Several judicial officers were klapped by the Supreme Court of Appeal in decisions delivered late last term: over just five days, at least eight sharp criticisms were handed down to other judges, magistrates – and a retired judge.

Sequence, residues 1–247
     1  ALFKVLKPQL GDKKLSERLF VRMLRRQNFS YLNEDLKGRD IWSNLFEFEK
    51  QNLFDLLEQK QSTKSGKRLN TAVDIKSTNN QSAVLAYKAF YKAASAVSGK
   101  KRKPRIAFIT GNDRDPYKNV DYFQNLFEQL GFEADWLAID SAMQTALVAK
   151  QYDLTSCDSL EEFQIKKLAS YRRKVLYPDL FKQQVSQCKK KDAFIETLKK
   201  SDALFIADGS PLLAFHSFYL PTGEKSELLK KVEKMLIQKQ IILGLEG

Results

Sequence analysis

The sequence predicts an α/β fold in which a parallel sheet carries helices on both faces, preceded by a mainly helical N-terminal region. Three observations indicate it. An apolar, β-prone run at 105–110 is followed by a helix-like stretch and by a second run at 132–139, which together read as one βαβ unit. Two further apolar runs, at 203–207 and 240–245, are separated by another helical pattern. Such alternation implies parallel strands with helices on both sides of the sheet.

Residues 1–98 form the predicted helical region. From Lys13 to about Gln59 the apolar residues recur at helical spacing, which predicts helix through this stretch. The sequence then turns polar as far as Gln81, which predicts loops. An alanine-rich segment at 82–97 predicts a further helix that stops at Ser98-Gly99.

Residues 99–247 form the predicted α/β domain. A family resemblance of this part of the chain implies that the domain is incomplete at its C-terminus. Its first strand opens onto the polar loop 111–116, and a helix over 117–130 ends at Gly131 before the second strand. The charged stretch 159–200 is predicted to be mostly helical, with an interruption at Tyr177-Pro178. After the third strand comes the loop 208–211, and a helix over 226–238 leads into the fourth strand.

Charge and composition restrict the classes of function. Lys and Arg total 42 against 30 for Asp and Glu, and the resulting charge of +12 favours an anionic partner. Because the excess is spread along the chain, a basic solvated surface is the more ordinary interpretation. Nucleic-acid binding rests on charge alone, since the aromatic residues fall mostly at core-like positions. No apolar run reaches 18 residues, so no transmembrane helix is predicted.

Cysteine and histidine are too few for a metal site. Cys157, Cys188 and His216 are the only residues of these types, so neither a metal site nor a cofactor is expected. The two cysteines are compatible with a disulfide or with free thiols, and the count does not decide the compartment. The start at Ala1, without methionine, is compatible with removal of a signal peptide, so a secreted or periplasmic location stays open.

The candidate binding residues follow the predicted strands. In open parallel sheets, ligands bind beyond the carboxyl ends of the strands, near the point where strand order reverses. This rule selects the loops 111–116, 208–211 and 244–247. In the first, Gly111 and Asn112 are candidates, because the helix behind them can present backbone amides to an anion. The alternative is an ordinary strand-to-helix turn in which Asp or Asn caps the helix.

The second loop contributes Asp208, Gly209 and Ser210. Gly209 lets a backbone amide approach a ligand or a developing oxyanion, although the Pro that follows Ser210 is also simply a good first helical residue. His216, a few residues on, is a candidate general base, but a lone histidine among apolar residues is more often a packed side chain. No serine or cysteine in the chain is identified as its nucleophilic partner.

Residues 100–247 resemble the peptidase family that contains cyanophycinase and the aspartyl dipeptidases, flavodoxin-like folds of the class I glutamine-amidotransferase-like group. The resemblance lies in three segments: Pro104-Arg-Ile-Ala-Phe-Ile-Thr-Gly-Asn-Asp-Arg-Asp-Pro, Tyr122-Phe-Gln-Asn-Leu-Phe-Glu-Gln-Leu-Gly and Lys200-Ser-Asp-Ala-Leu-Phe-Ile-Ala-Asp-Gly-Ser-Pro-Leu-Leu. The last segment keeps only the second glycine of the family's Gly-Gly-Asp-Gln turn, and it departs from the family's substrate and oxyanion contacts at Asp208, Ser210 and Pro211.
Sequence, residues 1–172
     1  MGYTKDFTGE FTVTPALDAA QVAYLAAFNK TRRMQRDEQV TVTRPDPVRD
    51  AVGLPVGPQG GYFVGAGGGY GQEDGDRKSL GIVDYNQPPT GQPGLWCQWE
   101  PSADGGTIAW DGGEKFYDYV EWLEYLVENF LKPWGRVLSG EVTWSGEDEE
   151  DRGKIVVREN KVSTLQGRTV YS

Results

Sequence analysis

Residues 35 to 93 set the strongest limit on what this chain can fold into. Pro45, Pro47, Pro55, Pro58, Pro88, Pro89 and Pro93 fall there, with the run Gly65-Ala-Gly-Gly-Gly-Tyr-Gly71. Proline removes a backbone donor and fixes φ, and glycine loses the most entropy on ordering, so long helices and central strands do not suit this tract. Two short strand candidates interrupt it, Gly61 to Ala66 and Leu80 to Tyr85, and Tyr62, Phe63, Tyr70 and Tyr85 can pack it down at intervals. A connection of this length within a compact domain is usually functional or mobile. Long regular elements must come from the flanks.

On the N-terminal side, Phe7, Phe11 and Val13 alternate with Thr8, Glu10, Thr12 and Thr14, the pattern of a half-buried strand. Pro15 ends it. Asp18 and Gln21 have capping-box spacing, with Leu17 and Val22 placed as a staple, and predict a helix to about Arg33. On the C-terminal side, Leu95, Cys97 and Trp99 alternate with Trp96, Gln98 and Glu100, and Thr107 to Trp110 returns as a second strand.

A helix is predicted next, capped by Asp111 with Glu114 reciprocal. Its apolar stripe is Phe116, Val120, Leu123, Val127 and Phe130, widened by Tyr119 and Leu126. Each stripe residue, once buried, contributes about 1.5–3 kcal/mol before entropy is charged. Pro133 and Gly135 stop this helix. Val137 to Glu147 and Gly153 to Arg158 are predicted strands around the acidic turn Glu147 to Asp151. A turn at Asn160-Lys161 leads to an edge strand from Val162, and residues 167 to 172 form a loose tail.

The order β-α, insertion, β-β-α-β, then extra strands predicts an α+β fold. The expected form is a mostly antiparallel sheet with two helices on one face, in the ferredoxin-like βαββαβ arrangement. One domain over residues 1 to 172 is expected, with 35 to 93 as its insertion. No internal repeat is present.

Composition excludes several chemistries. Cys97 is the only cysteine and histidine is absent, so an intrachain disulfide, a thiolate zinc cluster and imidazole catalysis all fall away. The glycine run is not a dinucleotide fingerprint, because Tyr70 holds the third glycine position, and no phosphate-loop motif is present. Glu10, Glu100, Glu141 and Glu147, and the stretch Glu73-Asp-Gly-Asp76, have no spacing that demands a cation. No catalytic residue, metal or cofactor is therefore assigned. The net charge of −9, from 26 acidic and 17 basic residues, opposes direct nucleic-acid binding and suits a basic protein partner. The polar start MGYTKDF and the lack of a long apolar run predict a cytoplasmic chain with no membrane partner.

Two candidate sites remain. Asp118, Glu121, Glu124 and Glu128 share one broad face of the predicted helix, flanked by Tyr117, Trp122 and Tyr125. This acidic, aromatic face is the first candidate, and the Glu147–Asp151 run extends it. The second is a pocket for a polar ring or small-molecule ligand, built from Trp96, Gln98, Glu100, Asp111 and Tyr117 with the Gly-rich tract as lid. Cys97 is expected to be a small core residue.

Of course an appeal court considers whether the presiding officer in the previous court was right or wrong – that’s the point. But usually a higher court will say something bland, such as “We disagree”, or “This is not the only conclusion that can be reached”. But there are times – notable exceptions – when the court strongly criticises the original decision or the way in which it was reached. So what pushes appeal judges to klap the presiding officer in a lower court? Let’s start with something easy: how the accused person is addressed.